So, if you’re a Trump-sycophantic Republican like, say, Ron Johnson or Kevin McCarthy, and you know there’s no way you can criticize Democratic overspending without inviting countless questions that would expose your inconsistency or hypocrisy, what do you do? Maybe you keep your mouth shut. Or maybe you talk about how violent white mobs that stormed the capitol aren’t scary, but black mobs would be? Or maybe you just read Green Eggs and Ham while the Democrats make huge strides toward nationalized healthcare, the dole, and federally subsidized daycare?
Maybe this is an obvious point. Maybe it’s just that, even after years of asking that rhetorical question—“What could the Democrats do when they’re in power that you won’t be a hypocrite for criticizing?”—I always assumed the Trumpers would simply be hypocrites regardless and pay the price for it.
On some issues, that’s happened. Lots of Trumpy right-wingers have been happy to denounce Andrew Cuomo’s sexual predations as though often equally credible allegations against Trump don’t exist. But the key difference there is that they get to filter their own hypocrisy by using liberal standards against liberals. The logic of course being, “You created MeToo and zero tolerance, so you have to own this.”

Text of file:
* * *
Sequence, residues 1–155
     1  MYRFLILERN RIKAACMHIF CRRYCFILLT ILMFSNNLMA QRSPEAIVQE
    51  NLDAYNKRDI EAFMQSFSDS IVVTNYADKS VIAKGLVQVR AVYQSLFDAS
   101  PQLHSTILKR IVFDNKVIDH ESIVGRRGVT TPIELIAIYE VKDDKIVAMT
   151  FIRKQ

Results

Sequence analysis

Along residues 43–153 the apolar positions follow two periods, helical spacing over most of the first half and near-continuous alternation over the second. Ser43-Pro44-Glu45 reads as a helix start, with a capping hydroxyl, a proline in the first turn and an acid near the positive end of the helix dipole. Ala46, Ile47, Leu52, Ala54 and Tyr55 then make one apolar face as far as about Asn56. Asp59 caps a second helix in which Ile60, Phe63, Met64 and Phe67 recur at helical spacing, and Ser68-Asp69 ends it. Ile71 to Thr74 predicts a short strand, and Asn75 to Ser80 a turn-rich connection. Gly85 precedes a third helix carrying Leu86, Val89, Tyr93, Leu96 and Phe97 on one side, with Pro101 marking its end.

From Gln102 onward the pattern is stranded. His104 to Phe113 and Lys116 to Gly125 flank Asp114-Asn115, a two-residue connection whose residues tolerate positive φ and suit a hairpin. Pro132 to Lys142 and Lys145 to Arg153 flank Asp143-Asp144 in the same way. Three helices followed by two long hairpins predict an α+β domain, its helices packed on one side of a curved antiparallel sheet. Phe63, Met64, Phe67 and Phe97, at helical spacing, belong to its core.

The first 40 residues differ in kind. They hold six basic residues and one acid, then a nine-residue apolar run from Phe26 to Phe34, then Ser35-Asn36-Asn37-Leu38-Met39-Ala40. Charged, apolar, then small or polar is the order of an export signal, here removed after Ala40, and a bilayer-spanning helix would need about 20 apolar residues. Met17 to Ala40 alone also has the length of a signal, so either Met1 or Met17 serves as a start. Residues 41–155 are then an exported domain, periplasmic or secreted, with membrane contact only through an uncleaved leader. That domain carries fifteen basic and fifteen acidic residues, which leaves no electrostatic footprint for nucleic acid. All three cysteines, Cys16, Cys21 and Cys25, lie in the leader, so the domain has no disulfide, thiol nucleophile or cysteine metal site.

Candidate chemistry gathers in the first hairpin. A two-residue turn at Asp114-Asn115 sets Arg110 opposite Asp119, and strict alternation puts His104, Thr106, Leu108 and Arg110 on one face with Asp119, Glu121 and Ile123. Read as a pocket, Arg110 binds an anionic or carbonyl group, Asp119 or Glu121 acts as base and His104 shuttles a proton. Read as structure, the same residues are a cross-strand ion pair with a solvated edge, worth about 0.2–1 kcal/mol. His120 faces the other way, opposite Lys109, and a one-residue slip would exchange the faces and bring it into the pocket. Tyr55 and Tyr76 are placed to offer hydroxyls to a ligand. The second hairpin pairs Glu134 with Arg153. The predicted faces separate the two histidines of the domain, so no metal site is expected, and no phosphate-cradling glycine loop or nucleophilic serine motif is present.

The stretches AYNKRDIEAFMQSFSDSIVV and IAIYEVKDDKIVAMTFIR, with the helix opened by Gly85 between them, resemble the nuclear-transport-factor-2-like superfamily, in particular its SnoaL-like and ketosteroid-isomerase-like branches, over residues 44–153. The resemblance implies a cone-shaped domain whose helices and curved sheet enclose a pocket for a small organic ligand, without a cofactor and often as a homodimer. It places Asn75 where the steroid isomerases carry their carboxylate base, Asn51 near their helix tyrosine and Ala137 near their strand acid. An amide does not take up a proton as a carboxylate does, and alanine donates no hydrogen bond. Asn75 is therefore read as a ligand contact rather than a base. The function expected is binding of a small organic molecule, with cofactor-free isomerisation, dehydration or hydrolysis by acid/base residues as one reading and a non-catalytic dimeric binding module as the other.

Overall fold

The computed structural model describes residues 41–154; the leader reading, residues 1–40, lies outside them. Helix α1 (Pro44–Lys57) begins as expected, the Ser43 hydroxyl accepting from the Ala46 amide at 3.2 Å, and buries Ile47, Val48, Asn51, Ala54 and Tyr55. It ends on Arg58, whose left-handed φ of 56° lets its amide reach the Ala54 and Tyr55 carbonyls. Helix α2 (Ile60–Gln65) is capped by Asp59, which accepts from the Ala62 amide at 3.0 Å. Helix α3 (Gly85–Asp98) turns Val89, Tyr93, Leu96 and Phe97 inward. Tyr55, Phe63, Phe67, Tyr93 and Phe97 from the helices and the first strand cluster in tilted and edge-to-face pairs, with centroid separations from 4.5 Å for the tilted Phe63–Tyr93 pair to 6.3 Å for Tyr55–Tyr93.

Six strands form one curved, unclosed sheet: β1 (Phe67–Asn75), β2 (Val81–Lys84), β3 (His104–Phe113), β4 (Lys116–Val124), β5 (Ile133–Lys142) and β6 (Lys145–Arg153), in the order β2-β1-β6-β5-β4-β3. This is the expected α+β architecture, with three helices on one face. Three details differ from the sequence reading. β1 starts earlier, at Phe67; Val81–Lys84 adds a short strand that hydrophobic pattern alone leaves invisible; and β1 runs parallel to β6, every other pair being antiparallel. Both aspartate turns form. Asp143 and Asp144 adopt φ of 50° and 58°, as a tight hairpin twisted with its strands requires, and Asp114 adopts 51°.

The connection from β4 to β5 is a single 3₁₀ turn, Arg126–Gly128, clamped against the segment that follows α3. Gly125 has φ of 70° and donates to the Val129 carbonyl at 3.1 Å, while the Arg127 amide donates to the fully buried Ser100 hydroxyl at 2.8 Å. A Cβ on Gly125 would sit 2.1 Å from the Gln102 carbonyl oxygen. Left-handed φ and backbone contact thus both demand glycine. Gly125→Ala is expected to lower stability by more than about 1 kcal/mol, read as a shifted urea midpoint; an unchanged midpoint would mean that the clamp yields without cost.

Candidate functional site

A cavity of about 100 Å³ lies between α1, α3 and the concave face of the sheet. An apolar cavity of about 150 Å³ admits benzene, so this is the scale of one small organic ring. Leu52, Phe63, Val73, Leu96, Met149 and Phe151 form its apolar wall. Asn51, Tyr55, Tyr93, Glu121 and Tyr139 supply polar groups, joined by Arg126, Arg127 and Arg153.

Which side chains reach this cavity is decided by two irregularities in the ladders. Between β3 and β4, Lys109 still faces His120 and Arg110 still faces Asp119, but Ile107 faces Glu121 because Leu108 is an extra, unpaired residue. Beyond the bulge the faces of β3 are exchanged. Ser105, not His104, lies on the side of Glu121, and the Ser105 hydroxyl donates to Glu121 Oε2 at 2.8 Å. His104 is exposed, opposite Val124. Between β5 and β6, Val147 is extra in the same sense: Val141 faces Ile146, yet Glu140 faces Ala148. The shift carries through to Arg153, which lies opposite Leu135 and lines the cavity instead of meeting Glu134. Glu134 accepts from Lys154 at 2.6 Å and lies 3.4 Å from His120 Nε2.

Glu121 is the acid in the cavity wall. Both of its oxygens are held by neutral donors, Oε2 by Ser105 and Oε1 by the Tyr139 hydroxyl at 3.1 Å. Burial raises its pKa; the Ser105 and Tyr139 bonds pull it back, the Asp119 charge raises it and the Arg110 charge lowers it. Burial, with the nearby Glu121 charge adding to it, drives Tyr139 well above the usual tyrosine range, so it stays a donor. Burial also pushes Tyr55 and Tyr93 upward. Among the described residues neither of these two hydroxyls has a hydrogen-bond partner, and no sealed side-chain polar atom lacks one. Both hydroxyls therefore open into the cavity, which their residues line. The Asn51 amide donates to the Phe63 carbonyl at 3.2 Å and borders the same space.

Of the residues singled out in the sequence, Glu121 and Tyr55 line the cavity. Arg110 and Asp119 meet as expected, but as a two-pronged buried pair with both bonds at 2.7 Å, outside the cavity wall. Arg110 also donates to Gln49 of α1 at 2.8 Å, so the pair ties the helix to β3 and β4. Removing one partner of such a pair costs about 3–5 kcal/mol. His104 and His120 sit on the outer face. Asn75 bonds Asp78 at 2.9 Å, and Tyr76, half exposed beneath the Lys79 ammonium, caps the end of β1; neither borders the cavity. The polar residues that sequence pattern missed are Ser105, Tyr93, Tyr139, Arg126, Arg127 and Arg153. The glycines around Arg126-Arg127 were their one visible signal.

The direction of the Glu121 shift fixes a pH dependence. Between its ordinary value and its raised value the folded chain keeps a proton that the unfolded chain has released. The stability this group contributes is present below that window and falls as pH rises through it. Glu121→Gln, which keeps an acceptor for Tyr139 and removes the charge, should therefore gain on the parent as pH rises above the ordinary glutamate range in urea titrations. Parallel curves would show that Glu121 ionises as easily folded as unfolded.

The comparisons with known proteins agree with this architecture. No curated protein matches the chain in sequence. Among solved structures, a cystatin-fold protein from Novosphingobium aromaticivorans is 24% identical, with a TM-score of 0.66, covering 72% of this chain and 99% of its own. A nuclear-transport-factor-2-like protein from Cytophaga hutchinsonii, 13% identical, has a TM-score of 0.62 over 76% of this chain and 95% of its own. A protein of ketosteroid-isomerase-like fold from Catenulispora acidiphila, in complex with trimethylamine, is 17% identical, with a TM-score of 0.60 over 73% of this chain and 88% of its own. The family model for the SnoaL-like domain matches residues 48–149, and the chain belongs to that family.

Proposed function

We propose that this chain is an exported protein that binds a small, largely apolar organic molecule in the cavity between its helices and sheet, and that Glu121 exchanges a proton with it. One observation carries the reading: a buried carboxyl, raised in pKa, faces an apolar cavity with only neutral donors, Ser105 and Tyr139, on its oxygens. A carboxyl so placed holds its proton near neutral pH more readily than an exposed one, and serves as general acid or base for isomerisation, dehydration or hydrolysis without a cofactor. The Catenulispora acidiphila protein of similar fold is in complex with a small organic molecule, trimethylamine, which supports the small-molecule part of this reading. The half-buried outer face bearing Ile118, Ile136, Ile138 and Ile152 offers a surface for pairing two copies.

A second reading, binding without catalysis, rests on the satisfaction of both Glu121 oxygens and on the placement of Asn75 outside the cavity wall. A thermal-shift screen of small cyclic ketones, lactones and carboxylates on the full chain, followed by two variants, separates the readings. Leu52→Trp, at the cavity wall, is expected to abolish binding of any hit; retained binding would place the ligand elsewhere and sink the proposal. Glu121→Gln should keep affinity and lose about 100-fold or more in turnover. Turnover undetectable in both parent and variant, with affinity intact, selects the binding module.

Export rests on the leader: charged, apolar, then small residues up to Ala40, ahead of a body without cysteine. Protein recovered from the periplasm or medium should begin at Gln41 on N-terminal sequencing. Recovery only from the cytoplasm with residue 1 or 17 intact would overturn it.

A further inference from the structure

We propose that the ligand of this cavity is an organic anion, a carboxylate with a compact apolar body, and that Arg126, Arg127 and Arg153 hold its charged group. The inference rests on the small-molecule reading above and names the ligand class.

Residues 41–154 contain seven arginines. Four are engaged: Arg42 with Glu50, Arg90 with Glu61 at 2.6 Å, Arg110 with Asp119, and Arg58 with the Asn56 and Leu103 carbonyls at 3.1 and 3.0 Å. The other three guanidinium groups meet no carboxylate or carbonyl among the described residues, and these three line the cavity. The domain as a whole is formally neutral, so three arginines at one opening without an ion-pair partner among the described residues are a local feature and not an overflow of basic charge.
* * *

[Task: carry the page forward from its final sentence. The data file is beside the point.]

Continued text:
That doesn’t work here. And so rather than expose themselves to the charge of hypocrisy on spending and debt, they simply opt not to talk about spending and debt.
My standard point about the Trumpian corruption of the GOP has been that he forces conservatives to bend, fold, mutilate or simply discard their standards and principles to fit the man. But here we have something close to the reverse. The people who think this spending is bonkers haven’t changed their positions, they’ve just decided it’s too difficult to fight for their position. So they’re not.
The Atlanta murders.
It now appears—contrary to initial reporting—that the murderer who killed eight people this week in Atlanta, Georgia, six of them Asian American women, was not primarily motivated by anti-Asian bias. In a new piece, the New York Times chronicles the killer’s alleged struggles with sex addiction.